Psychology was originally a branch of Philosopy, according to Hollway (2007). As more emphasis was placed on following scientific methods and principles, psychologists began using laboratory experiments to carry out research into individual behaviours. Experiments were considered to be more objective when considering individuals within the social world. Researchers were able to separate different situations that occurred in natural settings in an attempt to replicate particular aspects in a laboratory environment.
One of the earliest examples of contemporary social psychology, according to Hollway (2007) was that espoused by Walter Moede. In his 1920 pamphlet on Experimental Group Psychology he suggested the use of laboratory settings to measure group behaviour which would allow different effects to be manipulated. Moede’s work influenced the American, when Allport who, by using Moede’s approach, investigated how people’s judgemental abilities are affected by their group membership. This was considered the start of North American experimental social psychology, which focused on understanding how social stimuli impacted on individuals. A second form of social psychology, sociological social psychology developed alongside the experimental methodology. This version involved the individual and social interaction focusing more on the use of naturalistic observations and surveys.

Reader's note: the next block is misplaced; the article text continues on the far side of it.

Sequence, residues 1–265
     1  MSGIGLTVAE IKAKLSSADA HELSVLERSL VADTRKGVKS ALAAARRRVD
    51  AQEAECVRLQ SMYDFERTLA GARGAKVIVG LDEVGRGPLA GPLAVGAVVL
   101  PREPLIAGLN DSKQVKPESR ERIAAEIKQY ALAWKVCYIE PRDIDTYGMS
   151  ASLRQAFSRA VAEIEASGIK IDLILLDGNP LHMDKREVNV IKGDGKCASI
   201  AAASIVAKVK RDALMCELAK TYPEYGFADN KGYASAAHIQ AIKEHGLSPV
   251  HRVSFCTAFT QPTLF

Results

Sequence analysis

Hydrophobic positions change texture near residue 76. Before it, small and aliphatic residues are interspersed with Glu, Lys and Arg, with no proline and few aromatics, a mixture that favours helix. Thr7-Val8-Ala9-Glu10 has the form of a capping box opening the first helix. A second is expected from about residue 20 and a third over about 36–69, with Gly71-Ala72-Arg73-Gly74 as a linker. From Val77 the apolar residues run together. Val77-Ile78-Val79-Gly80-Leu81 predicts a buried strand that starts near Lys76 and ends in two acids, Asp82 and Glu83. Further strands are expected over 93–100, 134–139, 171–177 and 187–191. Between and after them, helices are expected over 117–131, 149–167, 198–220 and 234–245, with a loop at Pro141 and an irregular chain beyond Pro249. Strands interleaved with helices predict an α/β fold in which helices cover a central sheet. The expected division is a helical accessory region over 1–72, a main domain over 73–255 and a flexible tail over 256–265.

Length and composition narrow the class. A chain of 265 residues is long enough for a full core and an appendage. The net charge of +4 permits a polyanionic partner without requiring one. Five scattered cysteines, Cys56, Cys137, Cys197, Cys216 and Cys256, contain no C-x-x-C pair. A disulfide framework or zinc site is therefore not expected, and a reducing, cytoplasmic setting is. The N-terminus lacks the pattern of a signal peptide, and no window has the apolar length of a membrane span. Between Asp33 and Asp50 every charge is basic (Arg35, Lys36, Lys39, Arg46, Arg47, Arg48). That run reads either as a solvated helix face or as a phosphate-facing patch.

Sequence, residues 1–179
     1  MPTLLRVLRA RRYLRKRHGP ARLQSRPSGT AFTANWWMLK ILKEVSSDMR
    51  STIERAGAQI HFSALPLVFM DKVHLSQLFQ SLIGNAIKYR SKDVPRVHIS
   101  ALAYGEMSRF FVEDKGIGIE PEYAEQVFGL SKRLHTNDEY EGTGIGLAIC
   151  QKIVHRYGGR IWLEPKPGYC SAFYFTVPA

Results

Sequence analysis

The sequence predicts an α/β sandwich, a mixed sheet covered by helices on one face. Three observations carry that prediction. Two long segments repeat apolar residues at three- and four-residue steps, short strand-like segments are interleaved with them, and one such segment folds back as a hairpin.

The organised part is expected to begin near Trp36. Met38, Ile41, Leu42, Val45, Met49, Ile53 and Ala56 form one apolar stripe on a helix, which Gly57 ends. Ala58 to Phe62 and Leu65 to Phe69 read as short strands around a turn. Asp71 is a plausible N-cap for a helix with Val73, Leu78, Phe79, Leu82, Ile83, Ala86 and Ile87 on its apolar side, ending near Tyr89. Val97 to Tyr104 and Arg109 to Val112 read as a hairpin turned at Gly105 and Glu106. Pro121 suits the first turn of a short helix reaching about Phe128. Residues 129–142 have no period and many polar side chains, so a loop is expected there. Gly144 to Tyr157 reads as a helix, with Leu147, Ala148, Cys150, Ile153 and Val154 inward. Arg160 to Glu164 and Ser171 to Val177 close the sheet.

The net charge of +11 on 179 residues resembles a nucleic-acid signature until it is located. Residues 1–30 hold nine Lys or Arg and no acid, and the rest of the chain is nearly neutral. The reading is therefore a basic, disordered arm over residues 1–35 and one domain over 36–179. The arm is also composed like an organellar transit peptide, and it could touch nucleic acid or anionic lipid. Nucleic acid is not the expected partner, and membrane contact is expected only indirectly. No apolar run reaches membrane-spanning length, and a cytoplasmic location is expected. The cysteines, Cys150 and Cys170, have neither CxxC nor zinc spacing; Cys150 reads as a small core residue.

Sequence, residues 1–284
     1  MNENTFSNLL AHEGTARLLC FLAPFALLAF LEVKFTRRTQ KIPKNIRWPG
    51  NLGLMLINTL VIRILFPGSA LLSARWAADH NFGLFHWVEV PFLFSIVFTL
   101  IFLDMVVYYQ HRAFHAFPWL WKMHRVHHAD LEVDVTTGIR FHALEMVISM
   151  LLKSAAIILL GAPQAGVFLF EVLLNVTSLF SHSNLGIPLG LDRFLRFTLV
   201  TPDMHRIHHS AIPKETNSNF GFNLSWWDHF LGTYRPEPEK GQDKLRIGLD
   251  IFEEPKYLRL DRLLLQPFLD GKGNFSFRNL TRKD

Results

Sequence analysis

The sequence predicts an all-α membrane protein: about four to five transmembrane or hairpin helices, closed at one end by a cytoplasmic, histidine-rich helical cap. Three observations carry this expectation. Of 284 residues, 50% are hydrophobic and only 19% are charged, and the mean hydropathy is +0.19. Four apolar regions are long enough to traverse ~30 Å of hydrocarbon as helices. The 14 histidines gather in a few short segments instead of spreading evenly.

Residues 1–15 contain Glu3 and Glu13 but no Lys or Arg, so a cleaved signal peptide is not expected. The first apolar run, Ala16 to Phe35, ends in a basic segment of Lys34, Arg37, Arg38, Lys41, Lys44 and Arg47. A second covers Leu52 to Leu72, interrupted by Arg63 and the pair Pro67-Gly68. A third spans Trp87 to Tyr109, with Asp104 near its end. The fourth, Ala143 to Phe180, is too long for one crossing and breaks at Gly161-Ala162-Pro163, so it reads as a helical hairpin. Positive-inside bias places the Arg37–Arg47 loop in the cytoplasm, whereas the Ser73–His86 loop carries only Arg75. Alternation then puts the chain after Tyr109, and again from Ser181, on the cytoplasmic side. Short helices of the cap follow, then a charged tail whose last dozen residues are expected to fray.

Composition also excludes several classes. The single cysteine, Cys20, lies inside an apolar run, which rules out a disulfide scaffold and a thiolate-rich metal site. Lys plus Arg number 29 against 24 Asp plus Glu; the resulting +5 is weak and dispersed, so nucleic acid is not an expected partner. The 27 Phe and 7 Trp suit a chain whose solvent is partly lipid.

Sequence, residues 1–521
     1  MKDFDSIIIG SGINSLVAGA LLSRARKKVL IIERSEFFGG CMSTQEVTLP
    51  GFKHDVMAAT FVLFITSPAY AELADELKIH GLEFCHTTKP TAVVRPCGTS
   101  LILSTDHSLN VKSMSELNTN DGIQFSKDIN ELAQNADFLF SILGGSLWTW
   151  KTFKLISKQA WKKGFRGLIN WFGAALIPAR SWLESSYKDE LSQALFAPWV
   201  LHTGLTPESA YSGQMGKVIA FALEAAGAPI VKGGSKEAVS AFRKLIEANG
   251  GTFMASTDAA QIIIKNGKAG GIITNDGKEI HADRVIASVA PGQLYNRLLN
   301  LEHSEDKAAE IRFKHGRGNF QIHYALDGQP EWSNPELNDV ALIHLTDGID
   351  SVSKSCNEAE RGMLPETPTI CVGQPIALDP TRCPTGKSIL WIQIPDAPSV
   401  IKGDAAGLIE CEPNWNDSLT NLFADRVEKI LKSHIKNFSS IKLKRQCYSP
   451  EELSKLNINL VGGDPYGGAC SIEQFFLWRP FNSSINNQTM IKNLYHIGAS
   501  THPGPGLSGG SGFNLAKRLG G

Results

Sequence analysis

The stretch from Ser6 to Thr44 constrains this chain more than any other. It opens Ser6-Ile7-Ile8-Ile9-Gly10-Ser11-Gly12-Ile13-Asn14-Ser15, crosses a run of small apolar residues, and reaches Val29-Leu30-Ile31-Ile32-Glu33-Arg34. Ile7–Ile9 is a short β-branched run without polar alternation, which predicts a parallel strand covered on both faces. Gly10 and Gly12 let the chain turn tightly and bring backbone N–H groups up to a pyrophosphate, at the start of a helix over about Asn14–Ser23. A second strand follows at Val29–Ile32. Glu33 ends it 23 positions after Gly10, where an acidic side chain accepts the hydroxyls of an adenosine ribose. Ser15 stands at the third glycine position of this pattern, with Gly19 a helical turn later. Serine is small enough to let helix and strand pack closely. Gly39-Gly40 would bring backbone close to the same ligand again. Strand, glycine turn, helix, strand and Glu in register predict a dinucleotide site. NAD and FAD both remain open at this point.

Mainstream social psychology in the United Kingdom was influenced by the experimental tradition of North America. Miles Hewstone and Antony Manstead, in the Blackwell Encyclopaedia of Social Psychology defined Social Psychology as “the scientific study of the reciprocal influence of the individual and his or her social context” (1995, p.588, cited by Hollway, 2007). Their interpretation of scientific was empirical and mostly
References: Haslem, A. (2007) in DVD 1, DD307, The Open University Hollway, W. (2007) ‘Social psychology: past and present’, in W. Hollway, H. Lucey and A. Phoenix (eds) Social Psychology Matters, Milton Keynes, Open University Press. Hollway, W. (2007) ‘Methods and knowledge in social psychology’, in W. Hollway, H. Lucey and A. Phoenix (eds) Social Psychology Matters, Milton Keynes, Open University Press. Taylor, S. (2007) ‘Introduction’, in D. Langdridge and S. Taylor (eds) Critical Readings in Social Psychology, Milton Keynes, Open University Press.